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Internal Medicine

Silicosis

Irreversible and incurable fibrotic lung disease caused by inhalation of free crystalline silicon dioxide or silica.

Irreversible and incurable fibrotic lung disease caused by inhalation of free crystalline silicon dioxide or silica.


Aetiology

Silicon dioxide:

2 forms exist in nature
  • Crystalline form (abundant natural mineral, commonly found in substances such as sandstone, quartz, and granite): Leads to pulmonary disease
  • Amorphous form: Does not cause clinically significant complications

Occupational risk factors:

  • High-risk occupations: Road repair, concrete manufacturing, coal mining, brick working, and rock excavation.
  • Other occupations: Stone cutting, petroleum extraction, steel working, sandblasting, and others

Pathophysiology

Inhalation of crystalline silicon dioxide causes mineral deposits to form at the level of terminal bronchioles and alveoli. The presence of foreign material results in the activation of alveolar macrophages and also exerts direct toxic effects on the surrounding lung parenchyma. Cellular damage results in the release of inflammatory cytokines (such as IL-1 and TNF-alpha), the generation of free radicals, and augmentation of cell-signaling pathways. The different cytokines result in the promotion of fibrosis.


Clinical features

Acute phase (rare): Acute silicosis

Develop within weeks to a few years
  • Rapid onset and/or worsening of symptoms including dyspnea, cough, fever and pleuritic pain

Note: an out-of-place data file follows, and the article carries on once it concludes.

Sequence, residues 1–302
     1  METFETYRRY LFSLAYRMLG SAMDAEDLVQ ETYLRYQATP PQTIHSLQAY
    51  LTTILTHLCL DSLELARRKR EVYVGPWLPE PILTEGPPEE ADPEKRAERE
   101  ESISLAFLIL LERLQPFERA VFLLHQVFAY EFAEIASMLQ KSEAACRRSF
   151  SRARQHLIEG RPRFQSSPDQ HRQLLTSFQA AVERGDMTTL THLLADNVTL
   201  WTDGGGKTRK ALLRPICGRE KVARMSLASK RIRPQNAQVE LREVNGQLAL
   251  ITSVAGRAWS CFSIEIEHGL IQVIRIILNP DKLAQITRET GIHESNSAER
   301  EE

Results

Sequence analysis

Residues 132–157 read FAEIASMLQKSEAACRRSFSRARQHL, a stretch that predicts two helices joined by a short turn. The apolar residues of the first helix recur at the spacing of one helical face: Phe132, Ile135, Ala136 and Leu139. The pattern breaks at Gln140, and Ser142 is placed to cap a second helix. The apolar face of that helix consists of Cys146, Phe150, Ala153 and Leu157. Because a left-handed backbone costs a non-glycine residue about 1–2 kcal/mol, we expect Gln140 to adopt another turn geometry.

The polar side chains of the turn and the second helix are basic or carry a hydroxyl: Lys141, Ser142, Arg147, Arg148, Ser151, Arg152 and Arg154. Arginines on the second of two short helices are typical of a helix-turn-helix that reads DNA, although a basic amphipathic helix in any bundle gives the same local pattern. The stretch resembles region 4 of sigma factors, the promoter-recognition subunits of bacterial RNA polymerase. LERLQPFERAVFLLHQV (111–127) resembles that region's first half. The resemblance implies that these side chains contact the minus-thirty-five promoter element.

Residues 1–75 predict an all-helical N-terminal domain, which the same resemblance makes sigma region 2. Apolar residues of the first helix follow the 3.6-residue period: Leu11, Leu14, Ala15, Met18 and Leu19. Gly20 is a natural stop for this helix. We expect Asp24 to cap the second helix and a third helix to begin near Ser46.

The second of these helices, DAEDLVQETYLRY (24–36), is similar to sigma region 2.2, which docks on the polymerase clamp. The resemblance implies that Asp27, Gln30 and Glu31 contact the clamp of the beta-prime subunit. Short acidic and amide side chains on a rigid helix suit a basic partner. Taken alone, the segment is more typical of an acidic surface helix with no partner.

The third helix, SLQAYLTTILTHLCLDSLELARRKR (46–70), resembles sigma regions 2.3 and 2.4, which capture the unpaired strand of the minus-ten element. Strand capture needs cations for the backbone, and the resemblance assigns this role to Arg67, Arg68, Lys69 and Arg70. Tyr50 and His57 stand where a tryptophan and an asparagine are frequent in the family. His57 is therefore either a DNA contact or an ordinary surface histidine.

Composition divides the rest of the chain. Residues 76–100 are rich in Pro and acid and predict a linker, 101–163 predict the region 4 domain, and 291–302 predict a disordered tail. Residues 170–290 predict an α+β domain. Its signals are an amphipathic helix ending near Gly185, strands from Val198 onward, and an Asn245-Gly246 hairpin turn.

Accelerated phase:

Develop within 10 years

Chronic phase (M/C): Simple silicosis

Develop more than 10 years after initial exposure
  • Asymptomatic or may present with only mild-to-moderate exertional dyspnea

Complications

  • Progressive massive fibrosis
  • Tuberculosis and nontuberculous mycobacteriosis (d/t alveolar macrophage dysfunction in silicosis): Radiographically presents with cavitations

Diagnosis

Bronchoalveolar lavage (BAL):

  • PAS+ milky white fluid

Pulmonary function test (PFT):

Mixed obstructive and restrictive pattern

Chest radiography:

  • Simple silicosis: Well-defined opacities (1-10 mm) in upper lobe and posterior portion of lung
  • Acute silicosis: Bilateral consolidation associated with ground-glass opacities
  • Eggshell calcification: Calcification of hilar lymph nodes
Eggshell calcification of hilar lymph nodes highly suggestive of silicosis. Contributed by Howard Sachs, MD

CT-scan:

  • Simple silicosis: Multiple small nodules with hilar and mediastinal lymphadenopathy
  • Acute silicosis: Numerous centrilobular ground-glass opacities with consolidation ‘crazy paving pattern
CT Silicosis | Image courtesy S Bhimji MD

Differential diagnosis:

  • Rheumatoid arthritis: Silicotic nodules may show features mimicking a rheumatoid nodule. These nodules are characterized by central, acellular areas of necrosis surrounded by palisading histiocytes and a peripheral rim of lymphocytes and plasma cells
  • Pulmonary alveolar proteinosis (PAP): Acute silicosis presents similar as PAP

Management

Supportive therapy:

Mainstay of treatment
  • Prevention of infection
  • Bronchodilators
  • Oxygen supplementation

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